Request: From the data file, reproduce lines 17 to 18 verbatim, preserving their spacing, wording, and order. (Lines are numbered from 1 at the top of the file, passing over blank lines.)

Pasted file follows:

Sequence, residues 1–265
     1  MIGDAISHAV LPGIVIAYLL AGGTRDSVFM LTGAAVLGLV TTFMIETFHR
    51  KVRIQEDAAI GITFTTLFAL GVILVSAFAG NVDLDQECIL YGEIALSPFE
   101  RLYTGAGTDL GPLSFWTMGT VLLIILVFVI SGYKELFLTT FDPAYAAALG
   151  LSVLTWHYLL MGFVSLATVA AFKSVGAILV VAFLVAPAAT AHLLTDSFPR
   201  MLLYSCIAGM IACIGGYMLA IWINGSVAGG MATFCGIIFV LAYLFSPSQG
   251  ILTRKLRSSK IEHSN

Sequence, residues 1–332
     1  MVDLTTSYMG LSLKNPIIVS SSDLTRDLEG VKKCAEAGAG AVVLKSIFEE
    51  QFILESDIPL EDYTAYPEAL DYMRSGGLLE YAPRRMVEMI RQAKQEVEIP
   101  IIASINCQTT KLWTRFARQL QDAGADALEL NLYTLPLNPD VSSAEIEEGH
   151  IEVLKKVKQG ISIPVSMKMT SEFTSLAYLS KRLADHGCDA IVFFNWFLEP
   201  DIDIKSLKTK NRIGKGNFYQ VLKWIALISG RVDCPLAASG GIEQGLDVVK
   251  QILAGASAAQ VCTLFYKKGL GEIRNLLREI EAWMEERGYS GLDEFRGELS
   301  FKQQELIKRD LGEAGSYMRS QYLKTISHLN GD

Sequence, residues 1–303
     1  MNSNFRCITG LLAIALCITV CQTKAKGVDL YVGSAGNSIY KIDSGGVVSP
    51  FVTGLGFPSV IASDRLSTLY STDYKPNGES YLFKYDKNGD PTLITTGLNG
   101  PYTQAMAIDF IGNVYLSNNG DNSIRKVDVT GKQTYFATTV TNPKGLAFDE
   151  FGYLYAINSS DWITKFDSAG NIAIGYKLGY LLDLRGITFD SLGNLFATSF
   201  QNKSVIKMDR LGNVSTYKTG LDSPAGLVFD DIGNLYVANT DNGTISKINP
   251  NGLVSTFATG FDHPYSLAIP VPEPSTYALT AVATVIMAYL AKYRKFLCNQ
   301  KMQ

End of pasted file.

     1  MNSNFRCITG LLAIALCITV CQTKAKGVDL YVGSAGNSIY KIDSGGVVSP
    51  FVTGLGFPSV IASDRLSTLY STDYKPNGES YLFKYDKNGD PTLITTGLNG